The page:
Pruning to Energy: a Case Study on Social and Ecological Benefits of a Value Chain
Bischoff, W-A., Küpfer, C., Schleicher, S., Bukowski, P., Dyjakon, A.
A pruning to energy (PtE) value chain was established along the lower fringe of the Alb mountains and is utilized by fruit tree smallholders of meanwhile 33 small towns in the Southwest of Germany (Baden-Württemberg). Additional participants are expected. The smallholders, farmers and the public of the region own ~15,000 ha of an extensive fruit tree – grassland with about 70 high stemmed trees/ha. PtE sustains the maintenance of a landscape, which is highly esteemed as a cultural heritage. In a situation, where fruit production is not economical alone, the combined benefits for heritage, social life, nature conservation and energetic use of prunings lead to an overall sustainable land use supported by all stakeholders. The focus presented is on the interaction of mutual benefits, which lead to an overall win-win situation economically tipped by PtE. A tentative calculation of Social Return on Investment (SROI) resulted in benefits of between 2.58 € and 23.81 € per 1 € of investment based on different scenarios. The values were strongly dependent on the labour cost. A calculation on society breakeven gave a "compensation" wage of ~22 €/hour for the pruning work of smallholders.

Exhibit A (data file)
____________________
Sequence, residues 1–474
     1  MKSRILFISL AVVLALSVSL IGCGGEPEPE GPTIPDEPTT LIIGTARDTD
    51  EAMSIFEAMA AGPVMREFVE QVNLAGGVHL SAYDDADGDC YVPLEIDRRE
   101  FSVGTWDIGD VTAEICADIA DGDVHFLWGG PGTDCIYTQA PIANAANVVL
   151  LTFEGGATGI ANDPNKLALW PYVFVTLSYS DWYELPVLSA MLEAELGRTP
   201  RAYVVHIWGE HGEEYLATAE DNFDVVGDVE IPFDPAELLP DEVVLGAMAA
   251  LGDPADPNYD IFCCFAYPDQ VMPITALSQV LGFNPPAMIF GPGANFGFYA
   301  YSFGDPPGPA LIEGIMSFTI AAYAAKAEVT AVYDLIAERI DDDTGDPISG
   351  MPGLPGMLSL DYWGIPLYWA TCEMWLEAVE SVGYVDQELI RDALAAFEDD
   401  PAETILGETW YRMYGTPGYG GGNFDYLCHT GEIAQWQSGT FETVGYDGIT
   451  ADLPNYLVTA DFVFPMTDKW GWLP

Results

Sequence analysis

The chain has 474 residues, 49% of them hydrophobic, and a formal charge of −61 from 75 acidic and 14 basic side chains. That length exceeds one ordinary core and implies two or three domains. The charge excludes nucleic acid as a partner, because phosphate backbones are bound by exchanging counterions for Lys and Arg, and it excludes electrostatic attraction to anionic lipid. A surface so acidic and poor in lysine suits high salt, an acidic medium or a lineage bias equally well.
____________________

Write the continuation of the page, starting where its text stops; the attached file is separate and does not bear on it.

agricultural residues, energy, wood chips, pruning, social return on investment (SROI), traditional orchards
Biomass Policies, Markets and Sustainability
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